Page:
In January of 2013 the United States District Court for the Eastern District of Kentucky decided a case involving national origin retaliation discrimination. (See Herrera v. Churchill McGee, LlC, 2013 WL 211079 (E.D. Ky. 2013)). In this national origin retaliation discrimination case the defendants filed a motion for summary judgment and this court decided in their favor for the following reason.
The plaintiff in this discrimination case was an African-Cuban who began working for the defendants in 2003 as a general laborer. Id. While he worked for the defendants, plaintiff was arrested a few times and missed work because of it. Id. He also received a below average review in December of 2007. Id. Plaintiff was finally terminated on March 22, 2008 after being arrested again and missing more work. Id.
Plaintiff sued the defendants claiming that other similarly situated non-Hispanic employees were treated differently than he was. He filed a Louisville national origin retaliation discrimination lawsuit. He claims that other non-Hispanic workers who had been arrested were allowed to keep their jobs. Defendants denied this claim and said he was fired for poor attendance and for below average work. Id.
Under the federal statute 42 U.S.C. Section 1981, an employer is prohibited from retaliating against an employee for engaging in protected activity. (cites omitted). The Court then looked at plaintiff’s claim for national origin retaliatory discrimination under the McDonnell Douglass evidentiary framework. Id. Under that framework, plaintiff must show that “1) he engaged in protected activity, 2) the activity was known to the defendants, 3) he was subjected to materially adverse action, and 4) there was a causal connection between the protected activity and the adverse action.” (cites omitted).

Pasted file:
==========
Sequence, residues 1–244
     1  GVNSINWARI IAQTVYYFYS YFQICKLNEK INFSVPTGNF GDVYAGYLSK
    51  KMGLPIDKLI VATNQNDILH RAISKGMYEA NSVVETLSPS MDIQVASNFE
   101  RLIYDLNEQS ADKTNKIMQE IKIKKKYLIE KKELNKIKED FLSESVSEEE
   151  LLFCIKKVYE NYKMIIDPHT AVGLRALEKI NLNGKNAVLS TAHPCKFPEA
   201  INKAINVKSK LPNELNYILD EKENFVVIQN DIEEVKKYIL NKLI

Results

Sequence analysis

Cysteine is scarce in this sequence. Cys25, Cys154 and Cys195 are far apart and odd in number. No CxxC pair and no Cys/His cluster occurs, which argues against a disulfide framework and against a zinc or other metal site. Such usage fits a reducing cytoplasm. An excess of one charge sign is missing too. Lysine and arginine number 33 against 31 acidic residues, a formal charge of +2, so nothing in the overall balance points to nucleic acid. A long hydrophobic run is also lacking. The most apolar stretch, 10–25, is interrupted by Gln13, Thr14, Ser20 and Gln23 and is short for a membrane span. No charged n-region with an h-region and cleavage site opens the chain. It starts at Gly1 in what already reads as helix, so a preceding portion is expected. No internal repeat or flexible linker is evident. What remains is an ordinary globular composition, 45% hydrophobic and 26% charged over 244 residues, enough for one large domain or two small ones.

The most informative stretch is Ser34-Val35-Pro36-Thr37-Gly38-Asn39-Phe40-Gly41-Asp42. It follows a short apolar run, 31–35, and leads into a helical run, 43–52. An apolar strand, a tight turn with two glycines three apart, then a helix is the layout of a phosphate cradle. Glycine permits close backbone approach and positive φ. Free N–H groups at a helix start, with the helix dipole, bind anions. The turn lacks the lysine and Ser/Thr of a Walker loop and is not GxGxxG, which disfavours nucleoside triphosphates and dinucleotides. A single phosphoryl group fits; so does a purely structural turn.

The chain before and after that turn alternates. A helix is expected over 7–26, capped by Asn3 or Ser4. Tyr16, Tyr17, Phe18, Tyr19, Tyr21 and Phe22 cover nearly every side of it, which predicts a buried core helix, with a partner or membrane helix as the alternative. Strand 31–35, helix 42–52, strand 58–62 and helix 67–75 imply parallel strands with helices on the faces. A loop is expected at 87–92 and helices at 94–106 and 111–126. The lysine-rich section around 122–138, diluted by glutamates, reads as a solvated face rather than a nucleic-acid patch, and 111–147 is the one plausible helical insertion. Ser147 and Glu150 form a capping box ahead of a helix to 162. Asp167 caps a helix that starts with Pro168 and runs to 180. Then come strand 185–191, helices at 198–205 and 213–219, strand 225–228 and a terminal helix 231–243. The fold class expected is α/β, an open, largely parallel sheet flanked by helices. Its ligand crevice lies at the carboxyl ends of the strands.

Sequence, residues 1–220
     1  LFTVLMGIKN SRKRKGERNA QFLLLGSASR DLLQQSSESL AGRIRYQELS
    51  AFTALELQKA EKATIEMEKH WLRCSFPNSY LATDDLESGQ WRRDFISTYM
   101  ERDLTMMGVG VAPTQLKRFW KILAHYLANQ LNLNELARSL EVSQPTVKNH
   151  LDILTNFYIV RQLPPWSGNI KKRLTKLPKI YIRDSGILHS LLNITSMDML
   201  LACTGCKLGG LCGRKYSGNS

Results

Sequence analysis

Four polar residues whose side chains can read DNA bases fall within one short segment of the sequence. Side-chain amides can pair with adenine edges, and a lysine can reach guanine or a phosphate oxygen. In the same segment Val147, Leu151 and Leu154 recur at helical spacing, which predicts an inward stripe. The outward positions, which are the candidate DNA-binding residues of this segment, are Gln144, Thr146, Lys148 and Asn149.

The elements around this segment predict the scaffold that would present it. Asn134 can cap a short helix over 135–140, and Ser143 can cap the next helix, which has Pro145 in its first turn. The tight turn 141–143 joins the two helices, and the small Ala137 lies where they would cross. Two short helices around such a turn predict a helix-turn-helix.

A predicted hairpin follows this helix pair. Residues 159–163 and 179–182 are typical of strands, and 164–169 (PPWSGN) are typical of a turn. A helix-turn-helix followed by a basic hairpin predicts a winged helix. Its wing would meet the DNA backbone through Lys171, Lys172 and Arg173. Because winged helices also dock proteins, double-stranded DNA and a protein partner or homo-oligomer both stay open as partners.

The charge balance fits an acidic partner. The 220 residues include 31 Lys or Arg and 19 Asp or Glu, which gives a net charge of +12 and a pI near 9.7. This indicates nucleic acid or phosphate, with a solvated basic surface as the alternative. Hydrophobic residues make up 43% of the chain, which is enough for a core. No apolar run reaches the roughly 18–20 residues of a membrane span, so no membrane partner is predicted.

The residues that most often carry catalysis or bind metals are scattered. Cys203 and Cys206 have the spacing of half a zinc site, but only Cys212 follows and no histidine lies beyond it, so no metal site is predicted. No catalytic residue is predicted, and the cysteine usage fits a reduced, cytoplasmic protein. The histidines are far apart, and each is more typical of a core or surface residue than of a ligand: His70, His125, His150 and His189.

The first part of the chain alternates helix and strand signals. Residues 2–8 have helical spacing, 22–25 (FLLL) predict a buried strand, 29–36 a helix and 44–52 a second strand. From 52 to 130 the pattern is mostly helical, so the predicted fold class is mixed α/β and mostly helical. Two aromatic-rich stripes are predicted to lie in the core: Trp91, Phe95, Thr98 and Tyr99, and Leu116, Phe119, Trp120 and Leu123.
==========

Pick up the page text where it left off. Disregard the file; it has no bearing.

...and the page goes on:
The Court looked at the four factors and found that plaintiff met the first three but not the fourth. As to showing a causal connection between the protected activity and the adverse action plaintiff must not only show a temporal proximity but also that he was treated differently from other employees. Id. “A causal connection may be shown by “demonstrating that the adverse action was taken shortly after the plaintiff filed the complaint and by showing that the was treated differently from other employees.”” (cites omitted). In this Louisville national origin retaliation discrimination case, the Plaintiff was unable to show that he was treated than other employees. Id.
Plaintiff tried to claim pretext, but the court held that he did not. To prove pretext, plaintiff must show “both that the reason was false, and that discrimination or
retaliation was the real reason.” (cites omitted).
If you have been the subject of a Louisville national origin retaliation discrimination case, please call and speak to a Louisville national origin retaliation discrimination lawyer at the Law Offices of Andrew Alitowski, P.A. at 888-ASK-ANDREW (888-275-2637) or contact us. We are available 24 hours a day, 7 days a week.
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